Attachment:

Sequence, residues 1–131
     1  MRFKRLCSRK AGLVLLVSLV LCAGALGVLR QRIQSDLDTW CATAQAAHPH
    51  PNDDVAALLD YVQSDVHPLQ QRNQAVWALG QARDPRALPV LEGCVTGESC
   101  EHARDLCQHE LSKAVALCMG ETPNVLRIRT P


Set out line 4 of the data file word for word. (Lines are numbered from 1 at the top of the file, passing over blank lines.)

   101  EHARDLCQHE LSKAVALCMG ETPNVLRIRT P